[linux-elitists] What to do about cluebatting such companies, that require possibly *YEARS* old Distros

Rick Bradley roundeye@roundeye.net
Wed Jan 26 14:03:38 PST 2005


* Aaron Sherman (ajs@ajs.com) [050126 16:36]:
> > Then again, I suppose we're talking about improperly administered
> > environments almost by definition in this thread, so, um, carry on.
> 
> If we're talking about successful companies, then I debate your use of
> the word "improperly". The company is not in business to upgrade an OS.
> They are in business to make money. Demonstrate the cost/benefit
> analysis that shows them making more money using kernel 2.6 everywhere
> and I'm sure they'll move faster.

Differ.  I know of a large state hospital which successfully operates in
the way I'm describing.  I also know of a multi-billion dollar private
financial company which operates this way -- who actually not only
"upgrades" their software easily (and can revert almost instantly), but
actually picked up and moved their entire operation from one facility to
another with zero downtime, while continuing to run high-availability
production, testing, development, and research environments spread over
multiple user bases, without a hitch.  I also have had lengthy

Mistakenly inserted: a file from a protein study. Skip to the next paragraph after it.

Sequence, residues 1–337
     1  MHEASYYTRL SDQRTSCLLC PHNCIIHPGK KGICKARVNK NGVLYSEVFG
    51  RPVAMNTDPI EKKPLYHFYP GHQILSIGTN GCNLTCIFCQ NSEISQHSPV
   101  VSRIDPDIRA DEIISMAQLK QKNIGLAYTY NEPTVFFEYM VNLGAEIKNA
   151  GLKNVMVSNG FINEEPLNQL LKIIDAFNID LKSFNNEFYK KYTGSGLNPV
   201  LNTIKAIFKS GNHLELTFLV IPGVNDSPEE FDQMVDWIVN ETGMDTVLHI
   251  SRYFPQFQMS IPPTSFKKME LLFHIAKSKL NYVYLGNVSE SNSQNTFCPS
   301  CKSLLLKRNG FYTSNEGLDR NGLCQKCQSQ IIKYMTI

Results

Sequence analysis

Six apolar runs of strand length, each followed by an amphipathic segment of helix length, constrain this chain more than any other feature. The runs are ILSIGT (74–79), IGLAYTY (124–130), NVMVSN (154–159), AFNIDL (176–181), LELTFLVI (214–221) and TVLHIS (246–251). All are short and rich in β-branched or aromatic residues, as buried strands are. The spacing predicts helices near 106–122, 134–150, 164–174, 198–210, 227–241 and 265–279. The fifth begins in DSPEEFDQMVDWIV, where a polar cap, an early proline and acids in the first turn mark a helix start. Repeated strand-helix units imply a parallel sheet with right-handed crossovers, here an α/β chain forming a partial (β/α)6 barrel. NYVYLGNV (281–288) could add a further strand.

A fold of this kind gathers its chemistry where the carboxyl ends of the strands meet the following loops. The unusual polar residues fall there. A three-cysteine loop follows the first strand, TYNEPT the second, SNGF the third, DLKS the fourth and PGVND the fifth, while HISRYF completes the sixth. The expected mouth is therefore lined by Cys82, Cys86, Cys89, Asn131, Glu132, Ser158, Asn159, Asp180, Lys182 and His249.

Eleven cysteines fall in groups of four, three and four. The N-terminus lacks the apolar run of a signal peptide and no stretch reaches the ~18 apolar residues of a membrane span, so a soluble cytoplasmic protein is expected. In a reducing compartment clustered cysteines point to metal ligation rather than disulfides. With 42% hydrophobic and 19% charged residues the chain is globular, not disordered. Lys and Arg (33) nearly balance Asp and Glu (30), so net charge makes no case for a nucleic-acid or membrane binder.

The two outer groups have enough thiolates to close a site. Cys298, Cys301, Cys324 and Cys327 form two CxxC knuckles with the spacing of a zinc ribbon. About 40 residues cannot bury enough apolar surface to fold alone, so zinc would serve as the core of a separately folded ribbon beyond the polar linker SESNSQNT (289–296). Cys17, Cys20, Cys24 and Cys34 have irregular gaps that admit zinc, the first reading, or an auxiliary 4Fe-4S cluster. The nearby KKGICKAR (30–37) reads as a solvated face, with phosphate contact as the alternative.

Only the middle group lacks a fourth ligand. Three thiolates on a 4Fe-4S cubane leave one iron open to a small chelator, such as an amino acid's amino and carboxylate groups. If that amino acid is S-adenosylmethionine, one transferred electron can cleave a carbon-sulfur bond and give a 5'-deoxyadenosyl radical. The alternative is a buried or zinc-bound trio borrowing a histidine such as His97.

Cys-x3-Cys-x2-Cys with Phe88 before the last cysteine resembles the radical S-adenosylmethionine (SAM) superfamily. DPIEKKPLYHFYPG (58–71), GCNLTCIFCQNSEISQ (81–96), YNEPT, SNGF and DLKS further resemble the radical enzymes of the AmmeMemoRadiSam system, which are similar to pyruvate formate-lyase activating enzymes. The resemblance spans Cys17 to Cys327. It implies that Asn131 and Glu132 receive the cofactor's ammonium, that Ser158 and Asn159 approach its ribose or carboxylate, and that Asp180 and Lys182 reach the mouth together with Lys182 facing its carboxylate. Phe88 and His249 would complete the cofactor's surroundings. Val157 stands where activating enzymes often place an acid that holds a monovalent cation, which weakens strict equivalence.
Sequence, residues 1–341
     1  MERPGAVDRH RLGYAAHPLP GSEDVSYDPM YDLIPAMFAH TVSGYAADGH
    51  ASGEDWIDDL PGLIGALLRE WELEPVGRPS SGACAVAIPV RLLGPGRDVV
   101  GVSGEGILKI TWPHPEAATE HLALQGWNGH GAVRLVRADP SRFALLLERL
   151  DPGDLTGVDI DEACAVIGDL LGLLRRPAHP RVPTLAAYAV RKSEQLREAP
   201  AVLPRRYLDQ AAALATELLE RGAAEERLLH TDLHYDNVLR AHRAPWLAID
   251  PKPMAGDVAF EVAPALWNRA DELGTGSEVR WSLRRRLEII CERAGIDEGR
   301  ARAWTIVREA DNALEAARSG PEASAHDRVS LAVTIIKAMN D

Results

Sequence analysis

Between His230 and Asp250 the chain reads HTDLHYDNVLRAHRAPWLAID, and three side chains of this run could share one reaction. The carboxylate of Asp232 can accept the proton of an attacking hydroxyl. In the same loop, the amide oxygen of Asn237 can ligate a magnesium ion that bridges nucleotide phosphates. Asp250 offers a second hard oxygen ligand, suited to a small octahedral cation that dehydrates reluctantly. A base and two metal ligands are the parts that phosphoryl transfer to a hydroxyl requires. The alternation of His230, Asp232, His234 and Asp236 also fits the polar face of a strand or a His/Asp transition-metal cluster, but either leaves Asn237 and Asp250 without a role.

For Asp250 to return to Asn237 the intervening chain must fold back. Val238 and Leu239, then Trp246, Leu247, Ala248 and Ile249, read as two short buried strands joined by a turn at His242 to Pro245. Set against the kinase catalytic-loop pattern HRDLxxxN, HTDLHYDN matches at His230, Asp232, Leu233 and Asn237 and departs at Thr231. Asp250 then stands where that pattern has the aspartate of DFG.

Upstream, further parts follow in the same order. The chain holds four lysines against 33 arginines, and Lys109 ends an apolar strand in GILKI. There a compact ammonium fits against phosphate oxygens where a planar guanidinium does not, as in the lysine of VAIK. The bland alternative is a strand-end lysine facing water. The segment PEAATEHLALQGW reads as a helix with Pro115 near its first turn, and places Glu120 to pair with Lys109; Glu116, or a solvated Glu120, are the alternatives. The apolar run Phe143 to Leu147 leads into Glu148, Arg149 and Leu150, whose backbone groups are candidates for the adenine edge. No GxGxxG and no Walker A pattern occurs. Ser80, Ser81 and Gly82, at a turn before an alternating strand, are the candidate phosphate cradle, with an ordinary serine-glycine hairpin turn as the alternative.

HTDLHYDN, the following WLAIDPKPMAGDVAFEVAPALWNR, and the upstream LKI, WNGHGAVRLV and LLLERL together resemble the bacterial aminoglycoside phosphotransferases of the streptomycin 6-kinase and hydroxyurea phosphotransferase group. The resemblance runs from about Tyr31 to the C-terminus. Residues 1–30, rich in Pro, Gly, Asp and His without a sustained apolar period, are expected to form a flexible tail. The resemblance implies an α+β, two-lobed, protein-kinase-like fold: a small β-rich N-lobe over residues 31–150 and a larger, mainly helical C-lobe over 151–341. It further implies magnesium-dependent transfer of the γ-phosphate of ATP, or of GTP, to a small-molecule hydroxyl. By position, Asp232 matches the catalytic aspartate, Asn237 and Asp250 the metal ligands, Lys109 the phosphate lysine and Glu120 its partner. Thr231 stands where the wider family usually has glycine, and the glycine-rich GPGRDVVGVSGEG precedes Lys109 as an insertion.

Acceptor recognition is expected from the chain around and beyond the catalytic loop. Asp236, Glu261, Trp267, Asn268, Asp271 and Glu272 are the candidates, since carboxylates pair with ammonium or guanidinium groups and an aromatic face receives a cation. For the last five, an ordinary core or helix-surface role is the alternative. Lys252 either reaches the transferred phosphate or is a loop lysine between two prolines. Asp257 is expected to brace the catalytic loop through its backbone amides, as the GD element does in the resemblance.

conversations with the now-retired process manager for a large
publicly-traded corporation with production environments in nearly every
state in the U.S., and I can assure you that, despite the fact that
assmonkeys exist in every corporation over size 15 employees, that even
the largest corporations, when properly managed, can deploy a roll-out.
These are all large-scale roll-outs, granted, but the principles can be
greatly compressed to advantage for medium and small-scale roll-outs,
given the proper awareness of the techniques.

Now, many businesses don't need to have production environments, in
which case, I agree, who gives a shit whether they're running the
leetist new k3rn4l.  If I'm not trying to sell them "business in a box"
I'm personally not concerned about them (and I'm not).  Go develop
"business in a box", secure and auto-deploy the upgrades and quit whining
about how Billy's Autobody is never going to patch his box.  REALLY?!?
Stop the fucking presses.  If you want to solve that guy's problems you
turn business systems into appliances, sell them for $39.99 a month and
automate the process of patching.

Otherwise, we're dealing with people who have a stake in their systems'
reliability, security, and efficiency.  Availability is a direct
bottom-line item (as it is even for Billy's Autobody, though he'll
probably never know it), and these people are much more likely to
appreciate that.

For those people, where the systems can't make process superfluous some
awareness of production methodology is necessary.  Let me reiterate
that, where it matters, if production outages are a matter of course,
then somebody's incompetent (or, perhaps pissed off, but then it's
reasonable to question the quality of management).

Rick
-- 
 http://www.rickbradley.com    MUPRN: 184
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